The group known as the Somerville 18, members of which already face months in jail and thousands of dollars in fines for a direct action campaign in which they blocked traffic on I-93 for hours this past January, are again in the spotlight. It’s all thanks to a bill that’s being heard today on Beacon Hill that aims to designate their actions as attempted murder. The proposal, introduced by Dracut Rep. Colleen Garry and supported by a handful of other lawmakers, moves to amend Mass law to make blocking access “to or upon the public highway or roadway” an act of attempted murder, punishable in the same way as the act of trying to poison, drown, or strangle someone.
The language of the measure is simple, and were it not an obvious reaction to a political demonstration, then it may even seem like common sense. But the bill was filed on the day after the Somerville 18, whose act was done in solidarity with the Black Lives Matter movement, took to the highway in protest of police brutality and systemic racism. The legislation is clearly intended to target civil disobedience, and to give the state the power to imprison dissidents for taking the streets. Considering the chant I’ve heard at every rally I have been to since I moved here six years ago, it’s surprising that some people still don’t understand to whom these streets belong.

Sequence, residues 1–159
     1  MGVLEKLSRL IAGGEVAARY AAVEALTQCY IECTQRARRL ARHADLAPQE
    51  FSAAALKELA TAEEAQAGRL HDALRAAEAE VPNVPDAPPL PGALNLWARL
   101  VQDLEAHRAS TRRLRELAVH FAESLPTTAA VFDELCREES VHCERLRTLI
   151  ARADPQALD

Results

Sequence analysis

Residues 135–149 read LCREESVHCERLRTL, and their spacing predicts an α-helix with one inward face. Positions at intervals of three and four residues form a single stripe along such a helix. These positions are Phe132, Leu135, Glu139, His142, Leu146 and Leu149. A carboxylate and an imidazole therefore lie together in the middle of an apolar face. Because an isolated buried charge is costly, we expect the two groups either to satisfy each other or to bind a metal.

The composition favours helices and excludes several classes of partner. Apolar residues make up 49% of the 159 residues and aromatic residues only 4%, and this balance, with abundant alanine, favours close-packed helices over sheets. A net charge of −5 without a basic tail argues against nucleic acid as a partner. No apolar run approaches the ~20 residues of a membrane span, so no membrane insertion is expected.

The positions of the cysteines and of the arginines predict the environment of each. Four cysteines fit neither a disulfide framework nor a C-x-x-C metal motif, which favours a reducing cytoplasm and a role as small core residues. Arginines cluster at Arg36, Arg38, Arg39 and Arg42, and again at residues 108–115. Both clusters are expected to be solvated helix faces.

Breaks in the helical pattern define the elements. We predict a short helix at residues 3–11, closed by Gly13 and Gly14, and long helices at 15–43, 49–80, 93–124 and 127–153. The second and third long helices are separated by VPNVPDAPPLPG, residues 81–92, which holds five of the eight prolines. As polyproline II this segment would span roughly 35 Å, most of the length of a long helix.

That asphalt belongs to the people, and in the face of injustice, it’s ours for the taking. And let’s not forget that the action by the Somerville 18 is not unprecedented: In 1981, hundreds of demonstrators took to the streets, many of them laid-off and off-duty firemen, to protest layoffs and cuts. They blocked major roadways including the Southeast Expressway for more than 90 minutes.
I guess that according to Rep. Garry, all those civil servants should have been charged with attempted murder.